Double jeopardy is a pretty fundamental element to the US criminal justice system, but does it apply to a US President (or other impeachable official) and the trial-like impeachment proceedings in Congress?

For example, if a US president faces impeachment hearings for some offense, but fails to be impeached by the House, could he or she face a new impeachment hearing on the same charges if, say, a mid-term election changes the majority party?

(Let's assume, for the sake of this question, that no new substantial evidence regarding those charges is discovered, just a change in congressional makeup.)

Along similar lines, what if he or she was impeached by the house, but failed to be removed/"convicted" by the Senate? Would a fresh impeachment by the House (on the same charges) be necessary? Or could a new Senate re-convene to hold new hearings on the prior impeachment, and simply re-cast their removal vote?

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    This sounds like a purely legal question, not really a politics quesiton. Might be better on law.se – David Grinberg Mar 22 '17 at 16:24
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    An impeachment trial is done by congress...not the courts/legal system. So I don't think the concept of double jeopardy would apply. – user1530 Mar 22 '17 at 16:27
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    "fails to be impeached by the House" The House vote is the equivalent of an indictment. Failing an indictment usually doesn't trigger jeopardy. Also consider the possibility that a failure in the Senate would be the equivalent of a hung jury, not a positive show of innocence. Finally, impeachment isn't a punishment. On a successful impeachment: "but the Party convicted shall nevertheless be liable and subject to Indictment, Trial, Judgment and Punishment, according to Law. " Punishment is separate from the removal. I doubt there's controlling precedent on this point. – Brythan Mar 22 '17 at 23:23
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    @DavidGrinberg The answer, primarily, is a political one and not a legal one, although the double jeopardy piece has a legal penumbra to it. An answer here probably makes more sense than in law. – ohwilleke Mar 23 '17 at 0:52
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    There are a lot of irrelevant comments here, and a very long winded answer below. Quite simply, the answer to the first question is "Yes." and the answer to the second is "No." ... not only can a new Congress impeach again on the same charges, but the same Congress can (and this is entirely a legal question, as it is about the wording of the U.S. Constitution) ... but unless condemning evidence shows up that wasn't available for the previous impeachment, there would be tremendous political blowback. – Jim Balter Mar 27 at 18:43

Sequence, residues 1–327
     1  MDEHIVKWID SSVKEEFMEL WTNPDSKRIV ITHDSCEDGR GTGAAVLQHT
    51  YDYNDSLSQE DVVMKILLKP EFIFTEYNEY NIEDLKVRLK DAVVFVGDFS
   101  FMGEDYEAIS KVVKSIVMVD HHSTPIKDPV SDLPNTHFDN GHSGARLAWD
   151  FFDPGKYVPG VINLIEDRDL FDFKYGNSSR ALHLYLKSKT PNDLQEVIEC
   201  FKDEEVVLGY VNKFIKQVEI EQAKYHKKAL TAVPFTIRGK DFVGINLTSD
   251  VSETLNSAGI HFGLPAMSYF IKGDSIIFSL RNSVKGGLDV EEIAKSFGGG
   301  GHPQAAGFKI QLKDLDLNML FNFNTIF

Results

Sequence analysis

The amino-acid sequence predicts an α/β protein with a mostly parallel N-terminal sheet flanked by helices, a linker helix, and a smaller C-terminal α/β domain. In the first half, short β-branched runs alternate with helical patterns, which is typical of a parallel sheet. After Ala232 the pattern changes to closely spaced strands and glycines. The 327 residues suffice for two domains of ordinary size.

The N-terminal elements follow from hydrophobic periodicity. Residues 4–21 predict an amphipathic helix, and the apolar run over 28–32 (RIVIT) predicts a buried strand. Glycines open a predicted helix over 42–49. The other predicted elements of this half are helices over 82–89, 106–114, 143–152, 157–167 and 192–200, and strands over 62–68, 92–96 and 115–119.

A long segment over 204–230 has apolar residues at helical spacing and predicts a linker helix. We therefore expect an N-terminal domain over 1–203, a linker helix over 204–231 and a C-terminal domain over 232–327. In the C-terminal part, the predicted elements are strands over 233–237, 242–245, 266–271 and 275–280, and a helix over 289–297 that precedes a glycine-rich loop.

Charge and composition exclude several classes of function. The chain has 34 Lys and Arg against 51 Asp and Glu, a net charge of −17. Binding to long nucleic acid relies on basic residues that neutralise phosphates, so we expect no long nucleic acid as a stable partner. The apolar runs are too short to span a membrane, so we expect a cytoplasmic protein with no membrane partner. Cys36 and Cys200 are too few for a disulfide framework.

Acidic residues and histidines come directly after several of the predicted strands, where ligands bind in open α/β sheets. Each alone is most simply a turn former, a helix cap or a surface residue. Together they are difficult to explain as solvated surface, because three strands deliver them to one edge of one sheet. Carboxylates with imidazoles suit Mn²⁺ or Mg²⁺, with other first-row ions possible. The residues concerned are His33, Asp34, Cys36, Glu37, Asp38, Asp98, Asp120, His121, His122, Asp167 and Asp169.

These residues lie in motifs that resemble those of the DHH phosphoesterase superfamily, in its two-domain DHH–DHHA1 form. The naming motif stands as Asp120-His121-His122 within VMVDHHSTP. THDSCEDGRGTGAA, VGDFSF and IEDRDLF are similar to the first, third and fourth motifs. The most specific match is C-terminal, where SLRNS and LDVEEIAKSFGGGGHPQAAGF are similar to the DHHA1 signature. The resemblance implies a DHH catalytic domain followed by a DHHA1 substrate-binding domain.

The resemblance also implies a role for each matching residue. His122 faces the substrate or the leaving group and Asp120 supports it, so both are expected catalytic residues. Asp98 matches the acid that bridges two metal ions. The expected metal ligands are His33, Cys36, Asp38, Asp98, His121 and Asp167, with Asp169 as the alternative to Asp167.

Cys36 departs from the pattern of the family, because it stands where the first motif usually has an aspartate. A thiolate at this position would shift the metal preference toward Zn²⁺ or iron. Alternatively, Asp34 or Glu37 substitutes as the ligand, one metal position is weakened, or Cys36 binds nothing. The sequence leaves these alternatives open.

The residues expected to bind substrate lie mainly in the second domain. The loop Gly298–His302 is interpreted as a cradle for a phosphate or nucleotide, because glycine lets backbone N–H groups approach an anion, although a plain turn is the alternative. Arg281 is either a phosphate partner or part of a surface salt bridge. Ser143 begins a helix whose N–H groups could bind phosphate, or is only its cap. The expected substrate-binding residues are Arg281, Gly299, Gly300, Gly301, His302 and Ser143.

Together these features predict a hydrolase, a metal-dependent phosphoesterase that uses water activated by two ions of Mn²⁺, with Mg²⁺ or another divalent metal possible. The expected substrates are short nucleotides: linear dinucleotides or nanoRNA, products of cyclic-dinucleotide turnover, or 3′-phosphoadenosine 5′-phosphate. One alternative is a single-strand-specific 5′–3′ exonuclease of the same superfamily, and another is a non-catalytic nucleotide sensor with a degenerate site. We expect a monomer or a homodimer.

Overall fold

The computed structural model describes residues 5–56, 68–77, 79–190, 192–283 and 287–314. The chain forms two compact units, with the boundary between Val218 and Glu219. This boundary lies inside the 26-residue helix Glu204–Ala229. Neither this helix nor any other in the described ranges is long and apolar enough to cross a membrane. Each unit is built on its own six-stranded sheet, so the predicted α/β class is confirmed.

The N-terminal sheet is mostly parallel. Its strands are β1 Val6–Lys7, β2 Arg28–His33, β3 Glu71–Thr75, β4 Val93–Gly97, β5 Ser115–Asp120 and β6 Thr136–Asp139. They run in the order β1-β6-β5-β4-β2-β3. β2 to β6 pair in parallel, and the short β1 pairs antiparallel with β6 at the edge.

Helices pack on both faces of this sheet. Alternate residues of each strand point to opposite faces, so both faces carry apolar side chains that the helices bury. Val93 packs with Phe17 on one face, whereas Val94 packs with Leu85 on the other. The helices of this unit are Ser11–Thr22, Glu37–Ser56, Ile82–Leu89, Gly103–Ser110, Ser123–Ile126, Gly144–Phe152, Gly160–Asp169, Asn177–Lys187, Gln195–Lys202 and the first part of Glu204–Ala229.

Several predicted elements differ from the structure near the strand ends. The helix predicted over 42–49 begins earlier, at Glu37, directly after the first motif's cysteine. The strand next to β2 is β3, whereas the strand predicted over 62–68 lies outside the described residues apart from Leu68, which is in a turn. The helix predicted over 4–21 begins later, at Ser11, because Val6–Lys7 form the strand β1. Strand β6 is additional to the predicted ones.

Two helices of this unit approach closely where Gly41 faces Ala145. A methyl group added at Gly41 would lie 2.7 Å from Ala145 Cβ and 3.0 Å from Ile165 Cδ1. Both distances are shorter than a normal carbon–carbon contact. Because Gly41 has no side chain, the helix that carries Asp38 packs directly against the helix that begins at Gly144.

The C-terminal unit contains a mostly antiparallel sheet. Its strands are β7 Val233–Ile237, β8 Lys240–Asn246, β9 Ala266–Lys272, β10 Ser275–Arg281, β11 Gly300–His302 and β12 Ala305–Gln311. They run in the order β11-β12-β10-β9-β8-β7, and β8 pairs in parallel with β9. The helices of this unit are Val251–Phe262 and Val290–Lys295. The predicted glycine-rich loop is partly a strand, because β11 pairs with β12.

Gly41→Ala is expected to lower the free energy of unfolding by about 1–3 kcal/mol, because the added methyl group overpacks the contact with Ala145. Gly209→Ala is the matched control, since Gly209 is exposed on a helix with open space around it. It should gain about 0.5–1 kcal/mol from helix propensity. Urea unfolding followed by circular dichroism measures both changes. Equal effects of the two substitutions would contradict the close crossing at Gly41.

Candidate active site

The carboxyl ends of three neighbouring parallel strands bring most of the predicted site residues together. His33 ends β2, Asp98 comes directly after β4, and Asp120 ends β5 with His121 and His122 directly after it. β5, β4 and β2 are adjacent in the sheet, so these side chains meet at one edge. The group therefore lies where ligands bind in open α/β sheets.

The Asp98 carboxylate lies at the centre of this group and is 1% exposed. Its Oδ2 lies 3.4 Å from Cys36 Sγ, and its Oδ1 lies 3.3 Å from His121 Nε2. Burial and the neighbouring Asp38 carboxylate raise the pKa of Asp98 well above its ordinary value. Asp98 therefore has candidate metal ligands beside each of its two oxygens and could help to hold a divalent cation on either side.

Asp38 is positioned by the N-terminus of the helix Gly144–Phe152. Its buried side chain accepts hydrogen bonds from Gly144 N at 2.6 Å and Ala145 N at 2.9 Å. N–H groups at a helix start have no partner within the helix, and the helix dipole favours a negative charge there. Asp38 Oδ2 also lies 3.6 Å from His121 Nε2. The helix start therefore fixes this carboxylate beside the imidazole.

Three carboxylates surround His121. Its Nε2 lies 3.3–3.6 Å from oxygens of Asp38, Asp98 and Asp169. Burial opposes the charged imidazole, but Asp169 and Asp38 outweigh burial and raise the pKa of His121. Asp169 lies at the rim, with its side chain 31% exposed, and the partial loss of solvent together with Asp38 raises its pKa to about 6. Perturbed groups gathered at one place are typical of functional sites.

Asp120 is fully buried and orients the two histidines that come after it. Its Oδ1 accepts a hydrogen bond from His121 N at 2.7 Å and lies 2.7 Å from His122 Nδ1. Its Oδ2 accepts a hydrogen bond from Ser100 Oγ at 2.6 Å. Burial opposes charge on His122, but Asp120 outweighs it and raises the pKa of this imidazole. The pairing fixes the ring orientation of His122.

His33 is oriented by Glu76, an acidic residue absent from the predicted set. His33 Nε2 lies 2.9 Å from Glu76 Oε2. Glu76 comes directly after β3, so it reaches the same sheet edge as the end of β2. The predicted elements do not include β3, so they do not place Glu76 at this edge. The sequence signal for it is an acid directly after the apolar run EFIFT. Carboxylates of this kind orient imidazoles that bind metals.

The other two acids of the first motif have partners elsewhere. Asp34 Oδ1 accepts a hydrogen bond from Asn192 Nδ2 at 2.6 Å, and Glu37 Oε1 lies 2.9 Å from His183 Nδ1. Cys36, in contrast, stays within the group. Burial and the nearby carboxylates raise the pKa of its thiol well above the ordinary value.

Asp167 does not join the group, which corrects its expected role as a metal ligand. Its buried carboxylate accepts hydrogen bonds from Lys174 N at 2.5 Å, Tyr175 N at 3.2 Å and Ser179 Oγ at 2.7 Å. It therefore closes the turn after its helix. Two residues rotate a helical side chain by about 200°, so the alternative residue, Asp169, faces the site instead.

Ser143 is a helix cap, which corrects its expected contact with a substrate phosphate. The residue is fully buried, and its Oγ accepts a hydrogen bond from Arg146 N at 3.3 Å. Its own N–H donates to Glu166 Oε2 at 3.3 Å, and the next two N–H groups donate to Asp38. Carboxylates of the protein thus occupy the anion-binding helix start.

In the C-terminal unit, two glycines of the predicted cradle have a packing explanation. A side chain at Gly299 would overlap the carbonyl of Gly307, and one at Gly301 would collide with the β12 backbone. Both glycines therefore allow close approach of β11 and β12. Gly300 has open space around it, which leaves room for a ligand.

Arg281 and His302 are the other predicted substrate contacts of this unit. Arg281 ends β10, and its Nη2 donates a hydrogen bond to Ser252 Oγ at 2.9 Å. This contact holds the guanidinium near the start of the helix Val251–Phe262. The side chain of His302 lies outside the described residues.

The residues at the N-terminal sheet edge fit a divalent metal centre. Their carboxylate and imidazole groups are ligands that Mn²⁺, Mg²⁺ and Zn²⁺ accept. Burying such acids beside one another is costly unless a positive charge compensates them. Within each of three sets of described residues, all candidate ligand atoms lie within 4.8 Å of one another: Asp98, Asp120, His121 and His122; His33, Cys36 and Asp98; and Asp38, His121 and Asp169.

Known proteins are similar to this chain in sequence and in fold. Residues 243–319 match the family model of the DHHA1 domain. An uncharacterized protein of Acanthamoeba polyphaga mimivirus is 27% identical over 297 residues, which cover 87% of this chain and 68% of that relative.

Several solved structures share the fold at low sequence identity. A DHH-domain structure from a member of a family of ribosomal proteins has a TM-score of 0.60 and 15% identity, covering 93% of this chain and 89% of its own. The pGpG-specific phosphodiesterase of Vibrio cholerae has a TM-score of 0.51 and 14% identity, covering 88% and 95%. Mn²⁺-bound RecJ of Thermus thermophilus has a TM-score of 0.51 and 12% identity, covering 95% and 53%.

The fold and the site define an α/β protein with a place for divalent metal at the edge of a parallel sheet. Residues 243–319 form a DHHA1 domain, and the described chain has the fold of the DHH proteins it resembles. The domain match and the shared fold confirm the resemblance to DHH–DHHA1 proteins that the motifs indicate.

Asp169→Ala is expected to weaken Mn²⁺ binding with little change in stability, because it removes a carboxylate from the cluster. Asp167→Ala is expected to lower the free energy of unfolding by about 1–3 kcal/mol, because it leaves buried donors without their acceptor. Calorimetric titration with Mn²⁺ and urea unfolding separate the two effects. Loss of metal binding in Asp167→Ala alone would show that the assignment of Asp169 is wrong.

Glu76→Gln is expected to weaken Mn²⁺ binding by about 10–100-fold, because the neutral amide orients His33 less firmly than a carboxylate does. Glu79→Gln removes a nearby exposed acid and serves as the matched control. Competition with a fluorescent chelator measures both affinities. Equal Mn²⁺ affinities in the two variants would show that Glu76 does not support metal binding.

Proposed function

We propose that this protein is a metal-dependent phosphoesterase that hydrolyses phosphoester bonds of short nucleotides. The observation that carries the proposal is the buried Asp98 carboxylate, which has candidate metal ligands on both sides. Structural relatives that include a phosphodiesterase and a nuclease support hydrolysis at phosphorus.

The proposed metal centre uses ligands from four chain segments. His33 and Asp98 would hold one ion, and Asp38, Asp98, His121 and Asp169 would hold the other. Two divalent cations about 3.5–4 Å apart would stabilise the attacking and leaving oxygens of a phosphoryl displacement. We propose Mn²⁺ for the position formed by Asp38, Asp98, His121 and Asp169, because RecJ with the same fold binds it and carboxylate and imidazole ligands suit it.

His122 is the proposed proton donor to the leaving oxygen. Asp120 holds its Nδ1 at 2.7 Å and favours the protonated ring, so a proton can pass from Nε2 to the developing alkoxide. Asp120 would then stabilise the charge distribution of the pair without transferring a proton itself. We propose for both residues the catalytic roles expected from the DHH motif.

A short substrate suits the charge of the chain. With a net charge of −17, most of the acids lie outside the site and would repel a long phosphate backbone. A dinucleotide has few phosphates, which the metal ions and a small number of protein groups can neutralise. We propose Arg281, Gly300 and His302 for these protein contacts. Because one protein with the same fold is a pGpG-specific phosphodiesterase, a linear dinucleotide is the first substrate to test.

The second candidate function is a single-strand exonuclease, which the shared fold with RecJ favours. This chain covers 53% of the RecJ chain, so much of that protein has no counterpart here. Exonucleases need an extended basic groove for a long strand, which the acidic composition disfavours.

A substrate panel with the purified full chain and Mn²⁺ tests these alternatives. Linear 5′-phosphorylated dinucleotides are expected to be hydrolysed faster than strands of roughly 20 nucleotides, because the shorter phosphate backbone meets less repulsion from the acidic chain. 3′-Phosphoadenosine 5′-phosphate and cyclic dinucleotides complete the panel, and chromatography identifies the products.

Double jeopardy applies to criminal charges. Impeachment is not a criminal charge and has no effect other than to cause someone holding a public office to be removed from that public office. It does not resolve the issues decided there in a subsequent civil or criminal case. It does not constitute a criminal conviction for the civil disabilities that would apply.

Also, a key question is "who decides" the questions posed in this question. For the most part, these are questions for the United States House of Representatives and the U.S. Senate, each of whom is the judge of its own proceedings.

Fundamentally, these are political questions which would be non-justiciable in the court system. There is no definitive "legal" answer to them.

One can make whatever argument you wishes to the House considering an impeachment, or to the Senate trying an impeachment, but ultimately, this would be about convincing representatives and senators to agree with your argument, not convincing a judge (although a judge does preside over a Presidential impeachment and senators might be inclined to defer to the rulings of that judge).

An appeal to the precedents of prior non-Presidential impeachment proceedings might be relevant and considered seriously by members of Congress in making their decisions. But, so far as I know, none of the circumstances you are asking about have ever actually come up, so there really are no precedents to guide members of Congress on these issues.

  • Correct. The fifth amendment says "nor shall any person be subject for the same offence to be twice put in jeopardy of life or limb." Impeachment does not put an official at jeopardy of life or limb therefore there is no restriction on how many times he can be impeached for the same action. – Readin Dec 13 '17 at 7:11
  • ^ Um, the Fifth Amendment starts with "No person shall be held to answer for a capital, or otherwise infamous crime, unless on a presentment or indictment of a Grand Jury, except in cases arising in the land or naval forces, or in the Militia, when in actual service in time of War or public danger" -- the whole amendment obviously does not apply to impeachment. – Jim Balter Mar 27 at 18:47

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